Bacteria That Feeds on Metal Accidentally Discovered by Scientists

Researchers have discovered a new type of bacteria that eats metal, specifically, the element manganese.

The metal is one of the most abundant elements on Earth, with scientists predicting more than a century ago that microbes existed which feed on the substance as a source of fuel. Now researchers have finally found such a bacteria, according to a study published in the journal Nature.

"These are the first bacteria found to use manganese as their source of fuel," Jared Leadbetter, an author of the study from Caltech, said in a statement. "A wonderful aspect of microbes in nature is that they can metabolize seemingly unlikely materials, like metals, yielding energy useful to the cell."

The researchers say that the bacteria oxidizes the manganese, meaning it strips the metal of electrons, turning it black. This oxidization is harnessed to convert carbon dioxide into biomass, in a process known as chemosynthesis, enabling the bacteria to grow.

Scientists already knew about bacteria and fungi that oxidized manganese, however, until the latest study no one had demonstrated that it could fuel the growth of these kinds of organisms.

The discovery of the manganese-consuming bacteria was somewhat fortuitous. Leadbetter, a professor of environmental microbiology, had been conducting unrelated research using a chalk-like form of manganese.

Prior to leaving his Caltech office in Pasadena, California, a few months ago to work off campus, Leadbetter had left a glass jar covered in the chalk-like manganese in a sink to soak in tap water. Upon his return, he was surprised to discover that the jar was now blanketed in a black material.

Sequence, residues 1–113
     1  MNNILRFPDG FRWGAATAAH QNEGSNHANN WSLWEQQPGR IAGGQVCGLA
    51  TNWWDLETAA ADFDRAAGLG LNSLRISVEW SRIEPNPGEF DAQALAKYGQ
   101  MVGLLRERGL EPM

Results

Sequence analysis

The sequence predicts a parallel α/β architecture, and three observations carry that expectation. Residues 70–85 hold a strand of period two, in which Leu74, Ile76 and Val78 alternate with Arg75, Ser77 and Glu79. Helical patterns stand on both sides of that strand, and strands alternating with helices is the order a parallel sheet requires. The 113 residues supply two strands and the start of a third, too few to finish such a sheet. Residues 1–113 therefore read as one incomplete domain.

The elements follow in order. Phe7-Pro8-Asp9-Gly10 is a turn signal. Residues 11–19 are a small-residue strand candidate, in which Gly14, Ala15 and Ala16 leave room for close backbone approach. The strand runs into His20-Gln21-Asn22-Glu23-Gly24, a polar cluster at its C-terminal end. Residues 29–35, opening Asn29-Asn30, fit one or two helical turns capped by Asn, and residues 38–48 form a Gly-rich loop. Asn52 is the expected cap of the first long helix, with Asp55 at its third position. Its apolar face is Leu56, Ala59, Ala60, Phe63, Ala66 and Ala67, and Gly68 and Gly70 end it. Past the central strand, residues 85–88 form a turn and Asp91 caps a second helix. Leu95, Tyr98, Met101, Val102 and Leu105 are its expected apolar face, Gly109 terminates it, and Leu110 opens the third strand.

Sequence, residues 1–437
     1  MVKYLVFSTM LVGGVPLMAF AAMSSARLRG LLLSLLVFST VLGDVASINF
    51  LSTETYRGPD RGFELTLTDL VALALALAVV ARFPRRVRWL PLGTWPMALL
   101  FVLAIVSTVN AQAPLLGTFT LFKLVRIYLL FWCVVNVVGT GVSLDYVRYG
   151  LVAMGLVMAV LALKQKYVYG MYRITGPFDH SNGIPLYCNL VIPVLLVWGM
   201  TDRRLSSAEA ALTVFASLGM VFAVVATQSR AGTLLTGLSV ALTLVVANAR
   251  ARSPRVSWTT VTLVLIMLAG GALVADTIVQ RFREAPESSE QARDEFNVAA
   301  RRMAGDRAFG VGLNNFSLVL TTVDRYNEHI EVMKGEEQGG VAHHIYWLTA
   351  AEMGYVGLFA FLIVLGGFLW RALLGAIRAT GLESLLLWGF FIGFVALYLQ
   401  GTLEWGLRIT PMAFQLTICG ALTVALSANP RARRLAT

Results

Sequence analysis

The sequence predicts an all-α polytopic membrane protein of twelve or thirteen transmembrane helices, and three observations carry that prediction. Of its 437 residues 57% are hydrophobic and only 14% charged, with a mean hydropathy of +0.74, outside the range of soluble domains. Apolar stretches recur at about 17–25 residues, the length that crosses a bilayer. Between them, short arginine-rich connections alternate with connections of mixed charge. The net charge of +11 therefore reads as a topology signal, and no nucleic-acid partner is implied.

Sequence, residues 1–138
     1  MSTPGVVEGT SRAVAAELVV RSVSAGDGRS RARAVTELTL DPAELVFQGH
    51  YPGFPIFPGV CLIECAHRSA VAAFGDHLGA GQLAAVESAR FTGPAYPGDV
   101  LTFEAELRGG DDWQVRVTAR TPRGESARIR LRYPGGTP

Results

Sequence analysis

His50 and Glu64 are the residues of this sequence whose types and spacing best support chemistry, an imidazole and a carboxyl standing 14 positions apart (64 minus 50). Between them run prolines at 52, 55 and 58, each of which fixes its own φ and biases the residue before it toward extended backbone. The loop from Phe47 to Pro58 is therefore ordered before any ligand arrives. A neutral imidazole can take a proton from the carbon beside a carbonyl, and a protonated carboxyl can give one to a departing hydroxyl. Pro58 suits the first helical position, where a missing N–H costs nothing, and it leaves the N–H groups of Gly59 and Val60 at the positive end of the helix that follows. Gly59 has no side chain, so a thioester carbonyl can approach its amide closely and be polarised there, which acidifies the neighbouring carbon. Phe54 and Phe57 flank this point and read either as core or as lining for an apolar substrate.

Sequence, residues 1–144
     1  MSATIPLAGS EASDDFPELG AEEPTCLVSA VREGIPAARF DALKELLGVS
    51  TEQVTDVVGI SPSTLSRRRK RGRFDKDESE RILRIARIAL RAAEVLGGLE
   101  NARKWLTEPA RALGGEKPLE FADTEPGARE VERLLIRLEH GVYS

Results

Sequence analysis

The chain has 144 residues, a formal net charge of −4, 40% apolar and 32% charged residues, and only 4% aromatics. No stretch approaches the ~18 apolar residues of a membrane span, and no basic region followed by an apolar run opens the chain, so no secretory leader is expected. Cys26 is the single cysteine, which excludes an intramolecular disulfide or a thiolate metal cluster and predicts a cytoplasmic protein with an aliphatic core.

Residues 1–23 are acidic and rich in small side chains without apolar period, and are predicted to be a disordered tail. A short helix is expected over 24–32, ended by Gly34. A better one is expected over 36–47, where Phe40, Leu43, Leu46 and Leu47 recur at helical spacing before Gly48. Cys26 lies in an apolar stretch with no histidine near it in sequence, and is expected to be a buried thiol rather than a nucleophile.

"I thought, 'What is that?'" he said. "I started to wonder if long-sought-after microbes might be responsible, so we systematically performed tests to figure that out."

Tests identified that the black substance was indeed oxidized manganese, which is commonly found in nature. The metal is never found as a free element in nature. Instead, it is usually combined with iron or found within minerals.

The researchers concluded that the manganese had been oxidized by a newly identified bacteria, dubbed Candidatus Manganitrophus noduliformans, which had most probably come from the tap water.

This is not surprising given that relatives of the new bacteria have been documented in underground water sources where some of Pasadena's drinking water comes from, according to Leadbetter.

bacteria, manganese oxide
An electron microscope image with false colorization showing tiny pieces of manganese oxide generated by the newly identified bacteria. Caltech/Hang Yu

The latest findings could help to explain why manganese oxides are sometimes found in water-distribution systems, which deliver drinking water to homes, businesses and other facilities.

"There is a whole set of environmental engineering literature on drinking-water-distribution systems getting clogged by manganese oxides," Leadbetter said.

"But how and for what reason such material is generated there has remained an enigma. Clearly, many scientists have considered that bacteria using manganese for energy might be responsible, but evidence supporting this idea was not available until now."

Furthermore, the results could also shed light on the mysterious formation of strange, metallic balls of manganese—some as large as grapefruits—that have been documented on the seafloor across many parts of the world. The team speculate that microbes similar to the one they identified may play a part in the formation of the balls.

The manganese balls, or "nodules," are now being targeted by mining companies because many contain rare metals.

"This underscores the need to better understand marine manganese nodules before they are decimated by mining," Hang Yu, another author of the study from Caltech, said in the statement.